Ohio's best used bookstore hiding in Cincinnati's backyard


“Excuse me, is this a bookstore?”

It is a snowy Saturday afternoon in mid-December outside the Friends of the Public Library warehouse in Hartwell. West Chester resident Christine and her four-year-old son Sam have just entered from the cold and are looking around uncertainly.

“Well, we’ve got around 80,000 books here, so I hope we’re a bookstore,” laughs Ken Hughes, a former shopper and now employee at the cashier’s table near the door.

Catherine looks relieved. “Oh good. I wasn’t sure.”

It’s easy to understand Christine’s uncertainty. The place actually is more library or warehouse than used book store, but you wouldn’t know from the look of it. Formerly a furniture store, the building is easy to miss on Vine Street, just a few blocks north of Galbraith. It’s open only three days a week (5:30 to 7:30 p.m. Monday, 10 a.m. to 2 p.m. Wednesday and 10 a.m. to 4 p.m. Saturday), and once you walk in, you might wonder whether you’re in the right place.

The floor is bare concrete with chipping paint. Fluorescent bulbs hang from the exposed ceiling. The large windowed space inside the front entrance looks like a stockroom and is full of blue bins and boxes packed with books.

Barnes and Noble, it is not. But it just might be the best used bookstore in Ohio.

“Hold on just a minute,” Ken says to Christine and Sam. “We’ll have someone give you the tour.”

Creating a book lover's dream

The Friends Warehouse is run by the Friends of the Public Library of Cincinnati and Hamilton County. Discarded material from the library's main branch, as well as books, CDs, DVDs and records donated at branch locations, are all transported to the warehouse in Hartwell, where they are sorted and shelved and sold to the public. With prices set at $3 or less for most books and DVDs, it’s cheaper than almost any other used bookstore you can name.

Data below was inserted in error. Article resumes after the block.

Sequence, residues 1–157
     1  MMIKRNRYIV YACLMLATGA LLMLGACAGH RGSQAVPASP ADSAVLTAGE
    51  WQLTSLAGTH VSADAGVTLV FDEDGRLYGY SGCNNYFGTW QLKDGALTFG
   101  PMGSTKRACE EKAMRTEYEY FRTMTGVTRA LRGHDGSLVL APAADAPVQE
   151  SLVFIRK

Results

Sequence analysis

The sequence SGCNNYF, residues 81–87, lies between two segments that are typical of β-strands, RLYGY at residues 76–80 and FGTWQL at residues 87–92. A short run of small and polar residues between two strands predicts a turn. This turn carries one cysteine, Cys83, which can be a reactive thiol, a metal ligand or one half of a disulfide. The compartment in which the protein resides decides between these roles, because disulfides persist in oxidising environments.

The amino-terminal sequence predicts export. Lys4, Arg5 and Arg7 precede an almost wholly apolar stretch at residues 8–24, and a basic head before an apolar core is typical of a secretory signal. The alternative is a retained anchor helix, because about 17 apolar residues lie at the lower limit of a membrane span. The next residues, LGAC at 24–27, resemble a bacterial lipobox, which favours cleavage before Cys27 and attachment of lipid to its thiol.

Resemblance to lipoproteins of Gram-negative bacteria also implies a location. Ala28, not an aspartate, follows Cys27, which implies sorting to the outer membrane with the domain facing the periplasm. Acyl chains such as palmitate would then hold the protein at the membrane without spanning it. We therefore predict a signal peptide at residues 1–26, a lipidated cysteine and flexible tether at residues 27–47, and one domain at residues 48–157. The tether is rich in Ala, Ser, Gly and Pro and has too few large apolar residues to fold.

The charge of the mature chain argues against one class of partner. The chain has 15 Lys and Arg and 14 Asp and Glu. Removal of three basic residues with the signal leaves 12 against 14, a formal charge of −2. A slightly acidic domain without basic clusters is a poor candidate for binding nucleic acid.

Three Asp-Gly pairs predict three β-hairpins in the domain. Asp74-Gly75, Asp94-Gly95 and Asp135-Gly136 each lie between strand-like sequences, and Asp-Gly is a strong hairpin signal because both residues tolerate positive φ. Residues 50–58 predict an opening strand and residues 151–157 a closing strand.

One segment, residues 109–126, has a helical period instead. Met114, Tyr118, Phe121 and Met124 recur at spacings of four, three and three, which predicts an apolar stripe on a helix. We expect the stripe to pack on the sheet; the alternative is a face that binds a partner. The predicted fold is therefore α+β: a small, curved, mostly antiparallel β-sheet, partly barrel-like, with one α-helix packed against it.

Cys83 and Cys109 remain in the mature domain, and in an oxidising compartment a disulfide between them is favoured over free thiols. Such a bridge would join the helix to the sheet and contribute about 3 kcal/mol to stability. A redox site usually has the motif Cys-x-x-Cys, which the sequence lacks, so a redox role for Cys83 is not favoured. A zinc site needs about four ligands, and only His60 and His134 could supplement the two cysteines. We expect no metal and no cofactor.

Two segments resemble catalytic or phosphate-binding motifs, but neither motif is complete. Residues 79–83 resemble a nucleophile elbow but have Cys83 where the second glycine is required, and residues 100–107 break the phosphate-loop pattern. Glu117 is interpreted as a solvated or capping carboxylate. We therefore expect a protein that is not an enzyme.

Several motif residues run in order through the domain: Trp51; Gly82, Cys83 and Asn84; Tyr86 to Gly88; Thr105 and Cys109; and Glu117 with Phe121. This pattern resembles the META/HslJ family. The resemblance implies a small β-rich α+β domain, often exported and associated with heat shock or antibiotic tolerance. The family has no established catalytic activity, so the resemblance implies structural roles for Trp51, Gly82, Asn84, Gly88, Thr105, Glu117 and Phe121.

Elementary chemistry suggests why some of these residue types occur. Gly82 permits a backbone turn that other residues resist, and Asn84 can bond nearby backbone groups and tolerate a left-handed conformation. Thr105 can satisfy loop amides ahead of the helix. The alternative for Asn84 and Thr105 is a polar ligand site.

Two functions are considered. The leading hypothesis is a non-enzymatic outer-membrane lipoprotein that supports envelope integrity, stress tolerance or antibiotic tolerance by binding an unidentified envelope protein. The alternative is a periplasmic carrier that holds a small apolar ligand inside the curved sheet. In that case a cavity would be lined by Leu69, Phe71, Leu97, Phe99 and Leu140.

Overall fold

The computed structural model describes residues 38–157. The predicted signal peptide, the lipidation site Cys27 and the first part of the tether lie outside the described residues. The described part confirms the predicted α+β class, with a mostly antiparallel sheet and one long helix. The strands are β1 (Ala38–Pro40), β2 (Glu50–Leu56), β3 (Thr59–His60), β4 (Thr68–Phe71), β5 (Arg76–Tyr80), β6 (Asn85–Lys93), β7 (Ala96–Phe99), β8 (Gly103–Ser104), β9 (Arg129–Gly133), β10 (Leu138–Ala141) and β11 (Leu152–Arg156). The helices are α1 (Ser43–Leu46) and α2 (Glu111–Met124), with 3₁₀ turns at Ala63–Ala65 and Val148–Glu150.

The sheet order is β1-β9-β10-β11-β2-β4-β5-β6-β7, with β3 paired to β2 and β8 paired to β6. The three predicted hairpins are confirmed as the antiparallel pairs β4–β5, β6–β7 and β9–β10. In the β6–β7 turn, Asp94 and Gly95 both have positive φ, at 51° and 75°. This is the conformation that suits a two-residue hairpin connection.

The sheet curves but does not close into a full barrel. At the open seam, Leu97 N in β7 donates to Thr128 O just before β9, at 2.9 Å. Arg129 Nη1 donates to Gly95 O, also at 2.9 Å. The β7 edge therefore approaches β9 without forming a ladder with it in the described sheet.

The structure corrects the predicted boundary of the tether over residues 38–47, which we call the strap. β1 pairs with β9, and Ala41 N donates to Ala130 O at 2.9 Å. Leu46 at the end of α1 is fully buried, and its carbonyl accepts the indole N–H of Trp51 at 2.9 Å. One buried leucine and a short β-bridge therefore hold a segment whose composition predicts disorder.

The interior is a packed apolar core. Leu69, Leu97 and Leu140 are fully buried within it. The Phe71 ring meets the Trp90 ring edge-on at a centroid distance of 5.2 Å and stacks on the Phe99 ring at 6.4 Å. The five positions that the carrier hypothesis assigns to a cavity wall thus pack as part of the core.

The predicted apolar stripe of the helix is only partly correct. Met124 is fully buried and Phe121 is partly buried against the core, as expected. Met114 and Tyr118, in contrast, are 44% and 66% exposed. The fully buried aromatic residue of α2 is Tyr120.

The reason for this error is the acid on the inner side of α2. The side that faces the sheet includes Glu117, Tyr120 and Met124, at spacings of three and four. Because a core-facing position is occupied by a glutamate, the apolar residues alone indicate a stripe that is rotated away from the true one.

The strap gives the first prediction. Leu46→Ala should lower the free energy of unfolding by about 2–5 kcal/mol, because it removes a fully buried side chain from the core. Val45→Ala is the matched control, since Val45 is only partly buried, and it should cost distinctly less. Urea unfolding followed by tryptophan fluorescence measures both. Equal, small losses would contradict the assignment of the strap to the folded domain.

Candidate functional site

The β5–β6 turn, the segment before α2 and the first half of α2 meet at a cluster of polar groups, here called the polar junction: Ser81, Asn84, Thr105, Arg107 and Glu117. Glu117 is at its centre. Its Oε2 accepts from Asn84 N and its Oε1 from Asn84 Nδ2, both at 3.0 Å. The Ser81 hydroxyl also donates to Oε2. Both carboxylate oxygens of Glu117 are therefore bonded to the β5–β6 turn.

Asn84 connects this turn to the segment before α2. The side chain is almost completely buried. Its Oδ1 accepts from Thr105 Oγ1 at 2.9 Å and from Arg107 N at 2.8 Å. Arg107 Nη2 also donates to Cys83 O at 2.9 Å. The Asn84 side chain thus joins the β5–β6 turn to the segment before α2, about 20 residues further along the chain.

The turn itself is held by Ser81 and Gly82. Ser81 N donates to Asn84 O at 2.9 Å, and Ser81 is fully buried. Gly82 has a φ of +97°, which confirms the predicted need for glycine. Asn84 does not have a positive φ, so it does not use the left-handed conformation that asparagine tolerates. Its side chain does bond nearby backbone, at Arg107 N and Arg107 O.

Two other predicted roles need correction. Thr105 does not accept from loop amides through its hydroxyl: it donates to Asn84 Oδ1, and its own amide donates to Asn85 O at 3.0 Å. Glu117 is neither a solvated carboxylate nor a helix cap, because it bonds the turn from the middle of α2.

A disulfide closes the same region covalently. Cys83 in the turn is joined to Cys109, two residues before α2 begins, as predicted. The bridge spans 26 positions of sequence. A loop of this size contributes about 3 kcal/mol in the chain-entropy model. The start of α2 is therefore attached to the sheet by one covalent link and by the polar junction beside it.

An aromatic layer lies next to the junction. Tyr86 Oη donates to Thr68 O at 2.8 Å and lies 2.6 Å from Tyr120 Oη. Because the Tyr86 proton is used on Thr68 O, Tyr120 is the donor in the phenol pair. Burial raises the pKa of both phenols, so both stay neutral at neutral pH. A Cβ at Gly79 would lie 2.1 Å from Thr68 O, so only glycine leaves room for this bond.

The Friends Warehouse also acquires new books with a fast turnover rate, so if you can’t find what you’re looking for right away, odds are you’ll find it tomorrow. And the staff — primarily volunteer and part-time workers — are experts in their respective sections. Have a question about children’s books? Ask Lois Cody who stocks the section. Want a suggestion for a mystery novel? Ken has read them all.

Best of all, proceeds support the library and its programming, so you can think of your checkout total as a charitable donation to a good cause. In other words, it’s a book lover’s dream.

The floor manager, Alexia Loyanich, greets Christine and Sam and begins showing them around the shop. 

“Here’s where we sort through the incoming books,” she explains, pointing to the blue bins near the entrance. “We receive nearly 20,000 books a week from donations and library discards. Volunteers pull out the best books in good condition and we shelve them in different sections throughout the warehouse.”

Alexia shows Christina and Sam the AV section near the front where used CDs, DVDs, audiobooks and vinyl records are on sale for $2-3. They pass the checkout table and enter the back of the building into the fiction section with shelves for mystery, science fiction, short stories, essays, poetry, plays and classics.

“In fiction, generally, hardbacks and trade paperbacks are $3 and mass-market paperbacks are $1,” Alexia tells them. “But the price can vary. If you’re not sure of the price, just look on the inside cover.”

Just beyond fiction, the nonfiction books are separated into categories that cover biography and memoir, military and religious, cookbooks, gardening, film and television, history and much more. Most are available for $5 or less.

Four-year-old Sam is looking for the kids' books.

“Here they are,” says Alexia.